One extensive printed article by Beebe is "An Archetypal Model of the Self in Dialogue" in the Theory & Psychology journal, offered for a price or subscription, at: An Archetypal Model of the Self in Dialogue -- Beebe 12 (2): 267 -- Theory & Psychology. He even analyzes Woody Allen's movie Husbands and Wives in light of the archetypes.

"UNDERSTANDING CONSCIOUSNESS THROUGH THE THEORY OF PSYCHOLOGICAL TYPES", Chapter 4, Analytical Psychology: Contemporary Perspectives in Jungian Analysis, Joseph Cambray and Linda Carter (Editors), Hove and New York: Brunner Routledge, 2004, pp. 83-115. is like a more detailed and in depth version of "Evolving the 8 Function Model"

This blog lists each process in each position using examples and lines from movies:
Mapping Jungian Archetypes on Cognitive Processes (Symbol Thinking)

Basis of concepts of anima and demon: Donald Kalsched's The Inner World of Trauma: Archetypal Defenses of the Personal Spirit Donald Kalsched - Specializing in Early Childhood Trauma
While Socionics is admired for having a more developed "intertype dynamics" system, one has been created for regular MBTI type (and using Beebe's concepts) by Type Logic: Relationship pairs: Definitions. From their main page, you can select each type, and at the bottom of the type page, will be listed each of it's relations (as links to that type's page). On my longer page on MBTI, I give the letter code "formula" and eight process function order comparison for each relation, with the INTP's relations as an example: Intertype Dynamics.

Lenore Thomson articles

Personality Pathways:
Jung MBTI Theory
Psychological Orientation vs. Cognitive Skills
Different Meanings of Temperament
John Beebe & Archetypes)

The Lenore Thomson Exegesis Wiki (by Ben Kovitz)

3,207 Posts
Facinating, dizzying, yet readable article. Thanks.

3,207 Posts
Facinating, comprehensive, readable article. Thanks.

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Discussion Starter #9
You're welcome!
That was a lot to learn, gather and put together over the past two years!

713 Posts
Wow thanks. I've actually been a little torn between INFJ and ENFJ and I wanted to look at and imagine the functions in different roles and see which one fits me better. I wasn't able to read it all yet, but I skimmed and something like this is exactly what I'm looking for.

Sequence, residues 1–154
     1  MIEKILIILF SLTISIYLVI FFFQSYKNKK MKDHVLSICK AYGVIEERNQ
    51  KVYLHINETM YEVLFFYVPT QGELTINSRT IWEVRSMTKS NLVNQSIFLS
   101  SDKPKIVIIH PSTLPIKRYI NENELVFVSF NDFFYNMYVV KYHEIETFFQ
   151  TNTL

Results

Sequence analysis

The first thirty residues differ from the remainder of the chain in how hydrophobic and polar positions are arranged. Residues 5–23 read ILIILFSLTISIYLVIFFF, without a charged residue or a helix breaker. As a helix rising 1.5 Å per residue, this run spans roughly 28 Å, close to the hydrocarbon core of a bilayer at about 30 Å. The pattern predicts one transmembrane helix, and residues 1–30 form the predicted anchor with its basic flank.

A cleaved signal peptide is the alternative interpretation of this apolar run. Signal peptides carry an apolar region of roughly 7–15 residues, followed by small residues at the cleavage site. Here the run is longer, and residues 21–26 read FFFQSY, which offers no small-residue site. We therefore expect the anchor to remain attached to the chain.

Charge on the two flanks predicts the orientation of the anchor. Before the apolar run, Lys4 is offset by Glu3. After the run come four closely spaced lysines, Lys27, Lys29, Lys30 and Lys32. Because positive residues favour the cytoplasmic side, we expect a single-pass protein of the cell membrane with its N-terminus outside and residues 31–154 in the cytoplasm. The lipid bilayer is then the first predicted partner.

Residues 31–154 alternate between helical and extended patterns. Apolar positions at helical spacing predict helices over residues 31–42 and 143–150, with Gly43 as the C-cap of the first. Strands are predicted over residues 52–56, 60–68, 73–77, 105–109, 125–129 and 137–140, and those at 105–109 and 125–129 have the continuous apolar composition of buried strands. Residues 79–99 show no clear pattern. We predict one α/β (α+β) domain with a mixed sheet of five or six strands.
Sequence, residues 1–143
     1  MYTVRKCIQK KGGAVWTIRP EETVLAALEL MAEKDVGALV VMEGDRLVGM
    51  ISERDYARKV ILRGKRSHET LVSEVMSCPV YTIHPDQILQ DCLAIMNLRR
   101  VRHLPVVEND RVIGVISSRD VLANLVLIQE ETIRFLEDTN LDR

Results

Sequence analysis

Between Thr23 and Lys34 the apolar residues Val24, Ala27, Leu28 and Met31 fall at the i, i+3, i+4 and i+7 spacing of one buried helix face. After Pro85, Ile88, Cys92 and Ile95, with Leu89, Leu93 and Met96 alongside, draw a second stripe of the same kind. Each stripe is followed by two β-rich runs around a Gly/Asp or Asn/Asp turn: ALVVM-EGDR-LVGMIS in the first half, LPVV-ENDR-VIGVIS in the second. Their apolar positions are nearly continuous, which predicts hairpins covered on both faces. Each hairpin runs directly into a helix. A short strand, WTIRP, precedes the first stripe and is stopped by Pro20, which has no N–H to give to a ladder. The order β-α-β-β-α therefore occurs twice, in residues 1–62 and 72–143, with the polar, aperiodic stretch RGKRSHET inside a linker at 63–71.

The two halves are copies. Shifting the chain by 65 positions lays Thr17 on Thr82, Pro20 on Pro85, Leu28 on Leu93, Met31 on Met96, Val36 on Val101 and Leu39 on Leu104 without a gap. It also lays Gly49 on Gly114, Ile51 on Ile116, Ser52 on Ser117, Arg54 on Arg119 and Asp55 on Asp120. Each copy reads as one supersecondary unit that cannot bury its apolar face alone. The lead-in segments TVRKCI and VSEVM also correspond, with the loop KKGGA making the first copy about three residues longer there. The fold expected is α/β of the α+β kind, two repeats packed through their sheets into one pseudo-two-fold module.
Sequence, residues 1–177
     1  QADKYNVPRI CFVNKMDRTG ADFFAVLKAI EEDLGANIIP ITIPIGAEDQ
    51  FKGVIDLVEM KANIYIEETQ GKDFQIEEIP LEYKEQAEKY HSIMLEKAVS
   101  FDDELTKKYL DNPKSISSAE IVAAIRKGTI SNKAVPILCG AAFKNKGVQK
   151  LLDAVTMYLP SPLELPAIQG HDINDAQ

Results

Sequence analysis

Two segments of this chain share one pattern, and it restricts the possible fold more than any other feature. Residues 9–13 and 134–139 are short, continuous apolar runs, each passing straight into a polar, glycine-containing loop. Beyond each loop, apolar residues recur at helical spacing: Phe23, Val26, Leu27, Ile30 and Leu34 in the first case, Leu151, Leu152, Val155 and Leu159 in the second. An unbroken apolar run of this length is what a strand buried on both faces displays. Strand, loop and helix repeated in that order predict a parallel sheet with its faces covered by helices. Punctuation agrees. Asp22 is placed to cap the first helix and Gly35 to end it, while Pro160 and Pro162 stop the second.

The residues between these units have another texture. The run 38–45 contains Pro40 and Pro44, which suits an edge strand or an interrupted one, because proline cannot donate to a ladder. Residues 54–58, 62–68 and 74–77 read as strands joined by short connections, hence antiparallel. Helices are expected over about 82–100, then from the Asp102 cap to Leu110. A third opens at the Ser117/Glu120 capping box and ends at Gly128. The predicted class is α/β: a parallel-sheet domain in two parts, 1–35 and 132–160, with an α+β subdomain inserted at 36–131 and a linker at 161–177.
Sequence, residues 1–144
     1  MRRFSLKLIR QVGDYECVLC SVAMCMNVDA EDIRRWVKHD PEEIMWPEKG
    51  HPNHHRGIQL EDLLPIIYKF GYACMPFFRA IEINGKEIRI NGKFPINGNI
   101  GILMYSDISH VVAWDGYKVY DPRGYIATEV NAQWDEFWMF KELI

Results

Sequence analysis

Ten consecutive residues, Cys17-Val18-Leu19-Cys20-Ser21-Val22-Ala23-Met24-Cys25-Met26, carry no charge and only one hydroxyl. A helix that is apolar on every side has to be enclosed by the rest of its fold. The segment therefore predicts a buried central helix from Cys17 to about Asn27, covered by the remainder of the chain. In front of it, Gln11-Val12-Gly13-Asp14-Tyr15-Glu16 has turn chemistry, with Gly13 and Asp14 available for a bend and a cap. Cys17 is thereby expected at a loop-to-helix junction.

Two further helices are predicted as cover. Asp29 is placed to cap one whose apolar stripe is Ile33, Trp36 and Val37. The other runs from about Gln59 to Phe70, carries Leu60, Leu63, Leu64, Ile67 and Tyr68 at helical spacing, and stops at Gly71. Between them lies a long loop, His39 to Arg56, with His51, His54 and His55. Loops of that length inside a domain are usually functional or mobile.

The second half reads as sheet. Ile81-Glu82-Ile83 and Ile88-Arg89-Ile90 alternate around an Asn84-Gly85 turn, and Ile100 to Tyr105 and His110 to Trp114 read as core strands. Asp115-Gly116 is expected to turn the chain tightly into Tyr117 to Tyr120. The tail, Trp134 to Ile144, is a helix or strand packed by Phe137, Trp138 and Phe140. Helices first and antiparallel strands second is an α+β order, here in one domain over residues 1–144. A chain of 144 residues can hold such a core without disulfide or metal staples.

713 Posts
One of the reasons I'm questioning my type is that i seem to like Se a great deal. I don't relate looking down on SP types, in fact I tend to look up to them and admire them and get really excited about Se and want to try it for myself. I never said I was good at it, but exploring this side of myself is really energizing and something I want to get good at. I'm just not sure if it's my 3rd or 4th function so I would like to learn more about it in these roles. (I was wondering if you had any more information about them).

For the record, INFJ makes sense with the functions and the archtypes and I probably am that type but ENFJ fits well too and I just want to find the better fit.

Se is a thrilling courageous experience for me. It's something i really want to do and explore but for some reason or another I'm afraid or maybe not confident about my ability to do it well enough (and maybe this only happens with certain Se things). But when I do use Se despite my hesitation, I usually feel great and glad I did it and get a huge rush from it. I am very drawn to others who are good at Se and want to learn from them and see what makes them tick.

Ti is more tame for me.(even though my mind races when I use this function, I don't experience it as such.) I get great detailed understanding of situations through Ti and sometimes it helps me and others (if they can follow and stick with my detailed analysis and follow my train of thought), but it doesn't feel like a risk or a rush to me. It's usually pretty easy to do for me and I can get carried away and it gets to a point where it is draining. I'm almost confident with Ti, but not quite. On the negative side, I get frustrated when people don't follow my train of thought or aren't willing to appreciate the details or subtle nuances in thought that I do. I suppose this is kind of arrogant, but I sometimes secretly wish that people saw my insightful thoughts as brilliant. with Se this isn't such an issue.